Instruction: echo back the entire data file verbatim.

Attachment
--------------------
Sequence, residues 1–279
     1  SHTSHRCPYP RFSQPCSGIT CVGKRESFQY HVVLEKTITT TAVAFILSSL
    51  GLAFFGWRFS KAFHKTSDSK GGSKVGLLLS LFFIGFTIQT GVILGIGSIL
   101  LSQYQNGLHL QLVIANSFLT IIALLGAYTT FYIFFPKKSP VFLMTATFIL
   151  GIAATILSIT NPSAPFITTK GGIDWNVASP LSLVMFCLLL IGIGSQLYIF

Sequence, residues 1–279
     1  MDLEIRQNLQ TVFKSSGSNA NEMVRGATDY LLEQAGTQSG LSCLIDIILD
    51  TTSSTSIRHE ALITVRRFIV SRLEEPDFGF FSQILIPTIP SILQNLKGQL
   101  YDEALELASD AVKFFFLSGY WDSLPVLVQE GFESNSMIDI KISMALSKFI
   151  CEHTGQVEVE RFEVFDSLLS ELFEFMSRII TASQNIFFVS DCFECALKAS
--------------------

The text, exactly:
Sequence, residues 1–279
     1  SHTSHRCPYP RFSQPCSGIT CVGKRESFQY HVVLEKTITT TAVAFILSSL
    51  GLAFFGWRFS KAFHKTSDSK GGSKVGLLLS LFFIGFTIQT GVILGIGSIL
   101  LSQYQNGLHL QLVIANSFLT IIALLGAYTT FYIFFPKKSP VFLMTATFIL
   151  GIAATILSIT NPSAPFITTK GGIDWNVASP LSLVMFCLLL IGIGSQLYIF

Sequence, residues 1–279
     1  MDLEIRQNLQ TVFKSSGSNA NEMVRGATDY LLEQAGTQSG LSCLIDIILD
    51  TTSSTSIRHE ALITVRRFIV SRLEEPDFGF FSQILIPTIP SILQNLKGQL
   101  YDEALELASD AVKFFFLSGY WDSLPVLVQE GFESNSMIDI KISMALSKFI
   151  CEHTGQVEVE RFEVFDSLLS ELFEFMSRII TASQNIFFVS DCFECALKAS